Posted in DDO, Gaming, Neverwinter | 2 Comments

Giving MMORPG second chances

Zubon over at Kill Ten Rats has a post on giving games a second chance, it’s mostly about single player games but does mention MMORPGs at the end. The post asks if you give a game a second chance, and contemplates how much time investment is a factor.

For most of the MMO games that I have bothered to return to, I would say I’ve at least levelled half-way to the level cap (at that time). In fact for the games that successfully drag me back in with promises of the latest update or expansion, I normally have actually one capped character. That represents one measure of my commitment to the game, and my enjoyment of the games basic content and mechanics. I’ve made capping characters a bit of a focus in more recent years, indeed if I revisited this post now I’d score somewhat better (now 7 of 15, soon 8).

Games that I have never returned to would match well those that I didn’t progress deeply into: for example Aion, Blade & Soul, Diablo 3 to name some. This isn’t to say that not playing long enough first time around is the only reason I wouldn’t return to those games, I have differing reasons for each, but it does show I didn’t take that long to either decide against playing further or to grow tired of the gameplay.

Posted in Gaming | 1 Comment

Neverwinter: scratching that D&D itch

After running some tabletop D&D last weekend I found myself wanting to play a D&D game last night, and for me Neverwinter is the easier MMO for me to jump into should that particular itch need scratching.

Cleric main

My Cleric main is part of a long-standing leveling duo so I didn’t want to play him alone; so I looked at my alts that are more progressed and picked, almost on a whim, my level 60 Hunter Ranger. I leveled this character the normal way until about level 30, thereafter solely by invoking and running Leadership crafting missions as I was too busy playing other characters to play him.

Protector’s Enclave

So coming back to a level 60 who has been pretty badly neglected I had a moment of panic that he’d be unplayable. However jumping into the level-scaling Tyranny of Dragons campaign, I quickly realised I needn’t have worried. For the first section in Neverdeath Graveyard he was downscaled to level 30 again, so his poor gear was no issue at all. Playing the class is rather interesting – a real mix of melee and ranged, damage and support. The core mechanic of swapping between melee and ranged seems solid enough, although playing level-scaled content isn’t much of a test of the build I had from when I last played him. I’m certainly enjoying the mobility and self-healing inherent in many of the classes abilities though.

Neverdeath step of Tyranny of Dragons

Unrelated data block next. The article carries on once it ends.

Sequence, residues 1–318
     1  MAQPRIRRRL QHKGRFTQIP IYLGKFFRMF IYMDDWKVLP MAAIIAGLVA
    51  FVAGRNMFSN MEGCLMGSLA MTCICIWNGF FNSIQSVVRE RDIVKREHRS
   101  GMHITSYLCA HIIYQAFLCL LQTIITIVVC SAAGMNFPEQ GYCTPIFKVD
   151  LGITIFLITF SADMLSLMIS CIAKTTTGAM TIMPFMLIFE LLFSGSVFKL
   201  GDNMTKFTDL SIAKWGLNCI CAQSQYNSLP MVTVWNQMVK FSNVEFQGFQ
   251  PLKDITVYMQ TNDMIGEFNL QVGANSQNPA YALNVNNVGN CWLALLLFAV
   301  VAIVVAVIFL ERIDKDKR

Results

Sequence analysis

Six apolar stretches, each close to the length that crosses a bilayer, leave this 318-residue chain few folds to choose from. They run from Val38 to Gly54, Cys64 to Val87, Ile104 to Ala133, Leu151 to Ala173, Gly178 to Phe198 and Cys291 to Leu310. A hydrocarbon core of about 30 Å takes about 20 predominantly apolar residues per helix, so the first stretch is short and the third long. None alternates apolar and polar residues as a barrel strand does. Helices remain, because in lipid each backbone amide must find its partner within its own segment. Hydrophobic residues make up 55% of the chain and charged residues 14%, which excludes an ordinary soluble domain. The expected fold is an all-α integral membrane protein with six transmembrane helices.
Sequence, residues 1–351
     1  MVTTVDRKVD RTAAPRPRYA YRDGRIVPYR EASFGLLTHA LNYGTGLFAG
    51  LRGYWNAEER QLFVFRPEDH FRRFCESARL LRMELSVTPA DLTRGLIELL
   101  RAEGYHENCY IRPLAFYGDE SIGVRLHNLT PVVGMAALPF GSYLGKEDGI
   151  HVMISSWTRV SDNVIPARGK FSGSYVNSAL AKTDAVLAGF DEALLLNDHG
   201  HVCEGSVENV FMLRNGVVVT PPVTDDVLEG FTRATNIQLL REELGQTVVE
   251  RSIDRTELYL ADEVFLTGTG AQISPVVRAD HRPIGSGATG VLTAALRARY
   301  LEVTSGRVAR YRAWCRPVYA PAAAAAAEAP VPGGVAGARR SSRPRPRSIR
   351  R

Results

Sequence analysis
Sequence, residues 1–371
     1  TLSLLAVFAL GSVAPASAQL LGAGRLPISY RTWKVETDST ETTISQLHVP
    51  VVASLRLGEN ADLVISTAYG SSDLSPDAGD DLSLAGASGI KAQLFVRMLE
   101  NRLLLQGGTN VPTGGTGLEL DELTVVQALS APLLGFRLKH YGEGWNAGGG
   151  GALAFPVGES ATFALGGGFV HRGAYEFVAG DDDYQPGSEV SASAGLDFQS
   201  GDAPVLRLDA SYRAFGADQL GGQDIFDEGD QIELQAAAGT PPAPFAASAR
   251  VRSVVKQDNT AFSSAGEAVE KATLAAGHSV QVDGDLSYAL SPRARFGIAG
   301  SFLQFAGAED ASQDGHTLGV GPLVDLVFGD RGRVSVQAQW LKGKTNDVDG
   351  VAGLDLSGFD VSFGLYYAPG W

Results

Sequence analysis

Returning to the Protector’s Enclave main hub I had bags full of level-appropriate gear that had dropped at random. That plus a paltry few hundred astral diamonds in auction house purchases fully upgraded his gear to basic level 60 stuff. I also grabbed the free second and third artifacts unlocked for all characters because I’d reached max level previously on various classes. So all gear slots are now filled and every item is enchanted. I can carry on with the Dragons campaign, or maybe try something new, I read on the (yet again) redesigned campaign interface that the Maze Engine campaign is for level 60 characters – that’s something I’ve not ever played…

Posted in Gaming, Neverwinter | 1 Comment

LOTRO: Mordor beckons

I was surprised this last week by the announced timing of the Mordor expansion for Lord of the Rings Online – it is coming soon, possibly as soon as the 31st July. Although I’ve been rather focused on Norrath for a few weeks with the Fallen Gate server and other activities, it seems I shall soon be back in Middle Earth as the main focus on my gaming.

Expansions are always a big draw for me, a very good reason to go back into a game and to concentrate on that game for  some time. A big dollop of new content, maybe some new or altered mechanics to learn, oh and the general excitement of the playerbase does all help to revitalise the experience of playing that game.

There’s been some controversy over the expansions pricing, others have covered this already in great detail: Ravalation’s post in particular is well worth a read for its comparisons with other MMORPG expansion pricing (I do so love a good comparative post). The pricing isn’t that much of an issue for me as I invariably only ever buy the base edition of any game or any expansion, since cosmetic fluff isn’t for me, and in this particular case I’m more interested in the new content than the new race or other extras.

Sometimes Minstrel, more often farmer and chef

Although in recent months I’ve done some leveling of a Runekeeper alt in LOTRO, and worked on crafting on two other characters, I do still feel the draw of playing my original and much beloved Champion. More perhaps than in any other MMO, I identify playing LOTRO with playing my main character as a focus. So having an expansion’s worth of new zones is well worth getting excited about! I moved him into a new and more active guild recently so I feel it’ll be a rather different experience going into this expansion compared to previous ones – my original guild hasn’t been active since Mirkwood or maybe Isenguard times.

One feature of all three versions of the expansion is a new insta-boost for a character as a “level boost to Mordor”. I guess that means bumping a character up to the current level cap (105). That’s a feature I’ll need to put some hard thought into. I have wanted to have a ranged dps or healer character in LOTRO for guild group content, my preferred roles in any MMORPG. But I’ve had issues in several games where level-boosting a character leaves me feeling less connected to him or her in the long-term, perhaps this time it’ll work out for the better?